The PKK as a Symbol of Resistance

The argument of this paper is that current explanations of the PKK and its centrality to the Kurdish issue in Turkey do not account for the group’s continued levels of support through space and over time. Rather than attempting to single out one particular catalyst, it is important to view a host of intertwined issues that have culminated in elevating the PKK from an insurgent group to something more: a symbol of Kurdish ethno-nationalism in Turkey. This is not a stylistic metaphor and is not meant to imply a metaphysical transition. Rather, it is the result of a number of very real processes that have evolved and culminated to modify how the PKK has been perceived over the course of the conflict. These varied processes are discussed below.

The most important aspect of the PKK’s emergence as the definitive symbol of Kurdish nationalism in Turkey was its symbolic use of violence. Kurdish-nationalism, as a pillar of Kurdish identity, was a fixture of Kurdish activist discourse prior to and then following the creation of the Turkish state. While some groups advocated the use of violence over this period, no group was able to engage the Turkish military for so long, so relentlessly, or over so great a space. In monopolizing the use of force in what it called “protection” of the Kurdish population, the PKK was able to rightfully claim that it was the only group willing and able to stand up to the Turkish army. This had a tremendous psychological impact on the way the PKK was viewed in southeastern Turkey. Further, it was not simply the fact that the PKK was attacking the state but rather the symbolic manner by which it undertook these attacks that accelerated its transformation into a symbol of resistance. Two examples stand out. The first was a series of events that involved the assassination of Kurdish tribal leaders who both dominated the local economy and remained steadfastly aligned with the state. The PKK, rather than engage the armed tribal groups that protected these leaders, instead sought the elimination of their leaders through targeted assassinations. This had the symbolic impact of showing the local Kurdish populations, previously dominated by these powerful tribes, that an alternative group existed that was powerful enough to touch those previously deemed untouchable. Second, in 1979, the PKK attempted to assassinate Mehmet Celal Bucak, a powerful Kurdish parliamentarian who had joined forces in government with the Turkish ultra-nationalist MHP party. Though it failed, the attempt received widespread notice and was contextualized by leaflets distributed throughout the southeast outlining the PKK’s goals. These violent acts were powerful symbols to a population unaccustomed to armed resistance on its behalf. The staying power of the PKK over the next four decades only further enhanced its evolution as a symbol of Kurdish ethno-nationalist resistance.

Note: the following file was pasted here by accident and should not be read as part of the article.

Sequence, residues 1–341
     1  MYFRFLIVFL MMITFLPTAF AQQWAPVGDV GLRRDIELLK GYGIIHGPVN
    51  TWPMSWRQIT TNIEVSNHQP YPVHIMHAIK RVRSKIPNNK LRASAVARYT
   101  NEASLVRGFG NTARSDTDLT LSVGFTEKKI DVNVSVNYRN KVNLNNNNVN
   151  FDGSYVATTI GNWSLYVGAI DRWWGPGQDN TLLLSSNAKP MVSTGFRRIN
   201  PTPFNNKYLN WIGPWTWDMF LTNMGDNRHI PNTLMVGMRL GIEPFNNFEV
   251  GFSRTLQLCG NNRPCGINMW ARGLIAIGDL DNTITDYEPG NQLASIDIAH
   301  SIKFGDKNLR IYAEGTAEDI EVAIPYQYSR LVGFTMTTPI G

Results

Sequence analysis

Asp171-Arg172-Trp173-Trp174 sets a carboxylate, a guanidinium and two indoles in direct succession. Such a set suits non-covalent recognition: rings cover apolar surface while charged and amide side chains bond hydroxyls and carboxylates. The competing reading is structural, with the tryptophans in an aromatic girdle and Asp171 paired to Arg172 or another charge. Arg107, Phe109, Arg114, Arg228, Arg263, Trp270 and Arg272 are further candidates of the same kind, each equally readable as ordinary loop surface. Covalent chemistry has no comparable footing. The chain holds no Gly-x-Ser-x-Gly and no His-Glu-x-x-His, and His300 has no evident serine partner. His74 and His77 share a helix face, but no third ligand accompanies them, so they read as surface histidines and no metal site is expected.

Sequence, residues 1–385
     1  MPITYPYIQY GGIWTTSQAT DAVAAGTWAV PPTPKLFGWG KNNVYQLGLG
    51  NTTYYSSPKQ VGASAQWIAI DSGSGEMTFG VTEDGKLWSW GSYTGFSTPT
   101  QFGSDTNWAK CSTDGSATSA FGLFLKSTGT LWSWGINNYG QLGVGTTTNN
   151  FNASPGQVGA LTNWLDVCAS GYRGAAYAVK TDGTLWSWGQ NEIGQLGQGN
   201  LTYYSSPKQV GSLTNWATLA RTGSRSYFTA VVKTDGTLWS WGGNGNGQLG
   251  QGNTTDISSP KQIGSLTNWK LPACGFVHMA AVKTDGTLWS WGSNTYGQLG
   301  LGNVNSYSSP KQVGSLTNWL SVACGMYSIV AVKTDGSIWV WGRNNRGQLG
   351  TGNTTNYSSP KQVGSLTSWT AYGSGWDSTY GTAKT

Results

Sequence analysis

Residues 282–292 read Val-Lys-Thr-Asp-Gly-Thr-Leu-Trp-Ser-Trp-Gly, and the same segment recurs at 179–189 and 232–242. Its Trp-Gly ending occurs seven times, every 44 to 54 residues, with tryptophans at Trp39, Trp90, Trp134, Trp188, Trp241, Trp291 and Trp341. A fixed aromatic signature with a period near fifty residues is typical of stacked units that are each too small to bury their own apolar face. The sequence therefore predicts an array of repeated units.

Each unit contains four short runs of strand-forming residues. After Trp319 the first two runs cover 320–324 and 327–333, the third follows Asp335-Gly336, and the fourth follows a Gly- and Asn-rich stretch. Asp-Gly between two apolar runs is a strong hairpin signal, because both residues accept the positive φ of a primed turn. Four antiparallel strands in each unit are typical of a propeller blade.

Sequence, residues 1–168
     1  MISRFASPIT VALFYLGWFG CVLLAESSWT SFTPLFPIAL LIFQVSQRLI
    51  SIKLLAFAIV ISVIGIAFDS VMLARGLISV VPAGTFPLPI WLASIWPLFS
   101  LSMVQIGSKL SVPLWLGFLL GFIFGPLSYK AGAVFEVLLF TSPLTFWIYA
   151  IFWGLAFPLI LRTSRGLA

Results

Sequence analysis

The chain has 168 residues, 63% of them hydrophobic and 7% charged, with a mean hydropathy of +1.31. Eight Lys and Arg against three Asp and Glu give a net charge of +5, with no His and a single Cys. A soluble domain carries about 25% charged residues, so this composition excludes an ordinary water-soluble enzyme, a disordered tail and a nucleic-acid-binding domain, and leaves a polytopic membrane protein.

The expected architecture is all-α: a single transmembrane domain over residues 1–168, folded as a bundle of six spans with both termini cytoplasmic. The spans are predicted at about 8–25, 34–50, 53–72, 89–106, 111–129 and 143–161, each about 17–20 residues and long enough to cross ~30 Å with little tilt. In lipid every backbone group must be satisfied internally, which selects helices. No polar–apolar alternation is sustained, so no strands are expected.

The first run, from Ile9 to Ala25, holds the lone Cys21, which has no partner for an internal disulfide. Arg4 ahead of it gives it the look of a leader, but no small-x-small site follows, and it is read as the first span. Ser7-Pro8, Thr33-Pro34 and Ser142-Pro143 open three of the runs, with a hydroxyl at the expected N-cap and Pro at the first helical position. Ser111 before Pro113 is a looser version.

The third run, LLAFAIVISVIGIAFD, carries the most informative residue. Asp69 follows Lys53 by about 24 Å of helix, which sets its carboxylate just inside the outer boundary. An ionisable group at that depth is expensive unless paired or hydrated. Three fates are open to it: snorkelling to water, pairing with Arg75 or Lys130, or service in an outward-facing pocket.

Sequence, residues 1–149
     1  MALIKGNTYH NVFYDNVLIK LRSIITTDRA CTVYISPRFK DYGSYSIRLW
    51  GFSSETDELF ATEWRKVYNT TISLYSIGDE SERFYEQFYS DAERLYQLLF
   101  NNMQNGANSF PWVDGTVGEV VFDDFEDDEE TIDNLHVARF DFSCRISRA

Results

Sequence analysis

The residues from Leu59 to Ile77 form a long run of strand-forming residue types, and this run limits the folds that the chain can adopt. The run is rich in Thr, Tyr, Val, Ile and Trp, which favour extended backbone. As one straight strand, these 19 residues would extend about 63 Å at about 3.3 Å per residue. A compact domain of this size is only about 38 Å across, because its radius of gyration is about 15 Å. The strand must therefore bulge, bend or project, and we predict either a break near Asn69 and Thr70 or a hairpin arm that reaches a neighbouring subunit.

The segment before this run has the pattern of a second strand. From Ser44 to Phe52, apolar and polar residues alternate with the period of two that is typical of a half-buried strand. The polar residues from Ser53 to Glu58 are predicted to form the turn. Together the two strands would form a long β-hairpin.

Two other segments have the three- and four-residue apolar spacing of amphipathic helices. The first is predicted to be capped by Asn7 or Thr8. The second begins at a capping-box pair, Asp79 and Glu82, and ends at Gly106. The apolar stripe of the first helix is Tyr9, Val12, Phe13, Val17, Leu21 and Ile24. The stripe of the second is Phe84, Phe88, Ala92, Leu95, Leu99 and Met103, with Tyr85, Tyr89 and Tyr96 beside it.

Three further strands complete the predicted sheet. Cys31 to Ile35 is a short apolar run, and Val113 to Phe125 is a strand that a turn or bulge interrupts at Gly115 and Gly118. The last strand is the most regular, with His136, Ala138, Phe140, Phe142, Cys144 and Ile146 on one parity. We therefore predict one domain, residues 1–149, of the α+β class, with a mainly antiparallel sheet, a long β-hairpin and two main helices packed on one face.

Another important characteristic of the PKK as a symbol is the importance of myth. The concept of myth, argues Laclau, places a crucial role in the institution of hegemony.[29] “Myth fulfills an important function by providing a surface on which dislocations and social demands can be inscribed.”[30] The dislocations faced by Kurdish society in modern Turkey included economic marginalization, political disenfranchisement, and continued social oppression. Against this backdrop, Kurdish nationalists resurrected the creation myth of Newroz.[31] Simply, the myth is based around the uprising of the Medes—ancestors of the Kurds—against the tyrannical Assyrian King Dehak. A local blacksmith named Kawa is told to have lead the Medes people in a popular uprising that culminated in the defeat of the Assyrian army, the death of King Dehak, and the liberation of the Medes people. This myth was employed in Kurdish ethno-nationalist discourse well before the creation of the PKK, but Ocalan’s group—through its armed resistance to the “tyrannical” government in Ankara—was unique in its ability to position itself as a modern day Kawa. It did this by remaining constantly in news headlines for brazen attacks against the government, by resisting the temptation to completely flee the country when military reprisals were at their worst (though some surely repositioned in northern Iraq), and by embodying the tenacious spirit Kurds have become famous for. The resonance of this Kawacomparison in the highly traditional culture of the region cannot be understated. For many Kurds, Kawa is a symbol of justice, equality, and the lifeblood of the Kurdish nation. Through its use of violence for what it called the “freedom of the Kurdish people,” the PKK was able to attach itself to this myth and become an elevated entity in the same vein as Kawa.

The use of violence and engagement of myth were central components in elevating the PKK from simply a fighting force to a symbol of resistance. However, these forces would not have been nearly as powerful were it not for the PKK’s strategic use of the media in cultivating its image. Without the ability to publicize its message and successes to the local population and the international community, the PKK would have very likely remained an obscure force fighting a forgotten insurgency in the mountains of southern Turkey. Instead, it was able to slowly build what, by insurgency standards, represents a media empire replete with satellite television stations, newsletters, publications, and websites. Through these means, the PKK was able to both publicize its actions and, more importantly, frame these actions in its own terms. This allowed the movement to counter the “terrorism” narrative that was central to the Turkish government’s coercive policies in the region. Further, its ability to reach populations who may not have been directly involved in the fighting but were nonetheless curious about the group and its aims was a pillar of the PKK’s ability to foster widespread support and admiration. Its defeats could be minimized as its successes were lionized thus feeding into the public perception of the PKK as the symbol of the ethno-nationalist struggle above all others.